DRAFT: This module has unpublished changes.


Needs Statement: An affordable method to control as many shear generating cones as possible using a single motor  within the space constraints of a standard 12 well plate.

DRAFT: This module has unpublished changes.

             In cardiovascular blood flow, shear stress applied to the walls of arteries can have many physiological effects that are important to the function of the system.  A major cause of death in the world is due to atherosclerosis, where causes such as high cholesterol levels, smoking, and diabetes can have detrimental effects on cardiovascular function.  As a result of the affected layers that are altered due to atherosclerosis, shear stress applied to the walls weakens (1).  This affects the function and phenotype of endothelial cells, which are important in other biological processes.   In terms of stenosis, where a blood vessel becomes narrower, an increase of shear stress on the outer walls is a result.  In turn, these mechanical stimuli can activate platelets and trigger microparticle formation (2).  This is especially true in severe atherosclerotic arteries.


          We can model such events in the lab by observing the results the shear stress has on  platelets and endothelial cells by using shearing cones and a motor to control the motion of these cones.  The cones are then used on well plates, which contain cell culture or other types of material. For our senior design project, we are focusing on developing a more efficient method for allowing more well plates to be mechanically induced by these shearing cones by attaching more than one cone to a single motor. The problem with having one motor controlling only one cone is an immense loss of efficiency by way of cost and material. By using a single cone per motor as shown in the following figures, the space constraints of the current setup only allow the shearing of a 4 wells in a 6 well plate.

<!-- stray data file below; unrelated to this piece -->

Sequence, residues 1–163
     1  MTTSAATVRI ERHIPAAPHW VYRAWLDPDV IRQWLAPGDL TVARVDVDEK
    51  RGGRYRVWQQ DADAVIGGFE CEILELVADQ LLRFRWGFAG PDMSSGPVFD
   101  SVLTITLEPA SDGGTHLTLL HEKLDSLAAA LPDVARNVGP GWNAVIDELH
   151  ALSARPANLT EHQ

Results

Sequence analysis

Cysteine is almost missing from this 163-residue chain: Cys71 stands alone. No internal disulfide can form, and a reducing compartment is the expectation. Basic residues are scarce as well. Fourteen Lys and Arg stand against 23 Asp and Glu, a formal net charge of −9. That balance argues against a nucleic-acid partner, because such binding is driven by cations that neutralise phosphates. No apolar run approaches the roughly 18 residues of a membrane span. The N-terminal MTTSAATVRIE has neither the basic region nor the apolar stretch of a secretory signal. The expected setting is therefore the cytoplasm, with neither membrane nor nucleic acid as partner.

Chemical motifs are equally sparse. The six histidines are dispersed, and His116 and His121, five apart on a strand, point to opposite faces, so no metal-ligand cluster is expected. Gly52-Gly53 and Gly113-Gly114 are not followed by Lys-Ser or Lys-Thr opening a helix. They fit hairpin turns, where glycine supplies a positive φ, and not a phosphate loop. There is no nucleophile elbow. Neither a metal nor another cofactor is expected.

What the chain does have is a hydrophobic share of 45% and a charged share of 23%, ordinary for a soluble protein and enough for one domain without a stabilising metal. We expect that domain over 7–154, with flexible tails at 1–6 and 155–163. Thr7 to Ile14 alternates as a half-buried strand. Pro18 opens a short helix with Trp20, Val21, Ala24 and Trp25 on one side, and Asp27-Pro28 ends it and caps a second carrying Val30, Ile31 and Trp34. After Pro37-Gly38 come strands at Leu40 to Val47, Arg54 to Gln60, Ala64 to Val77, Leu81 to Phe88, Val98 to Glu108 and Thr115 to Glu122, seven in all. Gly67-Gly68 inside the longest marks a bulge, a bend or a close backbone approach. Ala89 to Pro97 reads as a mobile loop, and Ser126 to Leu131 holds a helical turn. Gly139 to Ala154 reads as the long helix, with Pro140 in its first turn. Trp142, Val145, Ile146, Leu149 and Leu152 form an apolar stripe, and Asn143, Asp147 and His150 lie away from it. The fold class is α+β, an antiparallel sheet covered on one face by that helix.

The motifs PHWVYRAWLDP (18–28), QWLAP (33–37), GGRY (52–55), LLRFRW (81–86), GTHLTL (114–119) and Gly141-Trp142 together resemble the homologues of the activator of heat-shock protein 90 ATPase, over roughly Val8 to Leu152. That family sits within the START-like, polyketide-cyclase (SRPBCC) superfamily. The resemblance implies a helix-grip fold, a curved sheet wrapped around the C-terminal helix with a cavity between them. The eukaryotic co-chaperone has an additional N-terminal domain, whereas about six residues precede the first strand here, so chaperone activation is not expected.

This results in the uneccessary loss of material; the less wells there are per plate, the larger the wells are, and therefore the more material they require. Connecting a single motor to more than one shearing cone would remove these space constraints, allowing the shearing of plates with more wells, and significantly cutting down on the amount of material required per sample.


          Moreover, having one motor controlling multiple cones would decrease the amount of motors required for shearing multiple samples. A motor connected to 3 cones can shear 3 wells by itself, while the current setup would require 3 respective motors for each well, which would cost 3 times more. Our goal is to be able to develop a device that will be able to shear 12 well plates at a given time using the least number of motors possible.  The following figures are images of our final design machined, which is used to shear 12 well plates as opposed to 4.



With a specific set of pulley configurations and a remodeling of the physical system we were able to develop a simple, efficient, and scalable design to induce shear on multiple wells.




(1) Malek, A., Alper, S., et al. (1999) Hemodynamic shear stress and its role in atherosclerosisJAMA. 282(21): 2035-2042


(2) Holme, P., Orvim, U., et al. (1997) Shear-Induced Platelet Activation and Platelet Microparticle Formation at Blood Flow conditions as in Arteries With a Severe Stenosis 

Arteriosclerosis, Thrombosis, and Vascular Biology. 17: 646-653


DRAFT: This module has unpublished changes.